WWJD? The Religious Right's Backing of Walker's Union-Busting
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While the assault on unions by Wisconsin Gov. Scott Walker and other GOP governors and legislators seems driven mostly by the billionaire Koch brothers and corporate-funded groups, religious right leaders and activists have spent decades creating fertile soil for anti-union campaigns through the promotion of “biblical capitalism,” which researcher Rachel Tabachnick describes as “the belief that unregulated capitalism is biblically mandated.”
Pseudo-historian David Barton, a frequent guest of broadcaster Glenn Beck, is using his newly enlarged audience to promote American exceptionalism (America was created by its divinely-inspired founders as a country of, by, and for Christians) and Tea Party-on-steroids economics (Jesus and the Bible oppose progressive taxes, capital gains taxes, estate taxes, and minimum wage laws). The religious right has a long practice of claiming divine mandate for its policy agenda as it makes for an exceptionally potent political argument: if God supports radically limited government, then progressive policies are not only wrong but evil, and supporters of liberal policies are not only political opponents but enemies of God.
Two days after the November 2010 elections, Barton, Newt Gingrich, and Jim Garlow (who runs Gingrich’s Renewing American Leadership group), held a conference call with pastors to celebrate conservative political gains. On the call, Garlow and Barton asserted a biblical underpinning for far-right economic policies: Taxation and deficit spending, they said, amount to theft, a violation of the Ten Commandments. The estate tax, Barton said, is “absolutely condemned” by the Bible as the “most immoral” of taxes. Jesus, he said, had “teachings” condemning the capital gains tax and minimum wage.
Barton also enlists Jesus in the war against unions and collective bargaining. Two years ago Barton devoted his Wallbuilders Live radio show to celebrating a Supreme Court decision that upheld an Idaho law ending state withholding of public employee union political funds. Barton’s co-host Rick Green called for activists to “spark a fire” and encourage other states to take up the effort to disrupt unions’ political activities. Barton called the Supreme Court’s decision “the right historical position and the right biblical position,” and went on to explain why the Bible is anti-union.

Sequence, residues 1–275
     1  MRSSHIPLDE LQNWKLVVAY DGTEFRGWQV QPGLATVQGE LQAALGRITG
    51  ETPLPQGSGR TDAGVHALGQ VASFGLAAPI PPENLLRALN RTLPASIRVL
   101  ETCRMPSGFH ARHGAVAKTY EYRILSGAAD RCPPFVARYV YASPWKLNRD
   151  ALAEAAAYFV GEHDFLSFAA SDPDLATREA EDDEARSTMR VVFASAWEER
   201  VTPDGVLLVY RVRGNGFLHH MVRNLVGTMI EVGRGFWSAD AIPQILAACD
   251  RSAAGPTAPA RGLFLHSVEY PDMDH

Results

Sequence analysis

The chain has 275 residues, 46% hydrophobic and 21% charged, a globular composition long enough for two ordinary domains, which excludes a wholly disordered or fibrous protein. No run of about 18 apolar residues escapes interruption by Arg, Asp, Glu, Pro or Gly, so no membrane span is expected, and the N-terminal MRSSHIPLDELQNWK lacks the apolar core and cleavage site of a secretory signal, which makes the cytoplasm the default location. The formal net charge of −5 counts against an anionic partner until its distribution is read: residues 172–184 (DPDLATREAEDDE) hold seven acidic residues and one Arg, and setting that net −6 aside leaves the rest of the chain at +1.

According to Barton, a parable from the 20th chapter of the book of Matthew about the owner of a vineyard making different arrangements with workers was about “the right of private contract”—in other words, the right of employers to come to individual agreements with each employee. Jesus’ parable, he said, is “anti-minimum wage” and “anti-socialist-union kind of stuff.” (This is just one of the parables of Jesus cited by Barton and others in support of laissez-faire economic policies.)
The religious right’s anti-union roots are long and deep. Researchers have traced them through the teachings of R.J. Rushdoony, an intellectual godfather of sorts for much of the increasingly dominionist religious right; Gary North, a leading Christian Reconstructionist; and through fundamentalist textbooks used by homeschoolers and Christian schools. The roots of the Family, as Peter Laarman notes in his examination of religious indifference to the decades-long war on workers’ rights, are in anti-unionism. Back in 1942, according to Jeff Sharlet, author of The Family: The Secret Fundamentalism at the Heart of American Power:
[T]he National Association of Manufacturers staked [Family founder Abraham Vereide] to a meeting of congressmen who would become students of his spiritual politics, among them Virginia senator Absalom Willis Robertson—Pat Robertson’s father. Vereide returned the manufacturers’ favor by telling his new congressional followers that God wanted them to break the spine of organized labor. They did.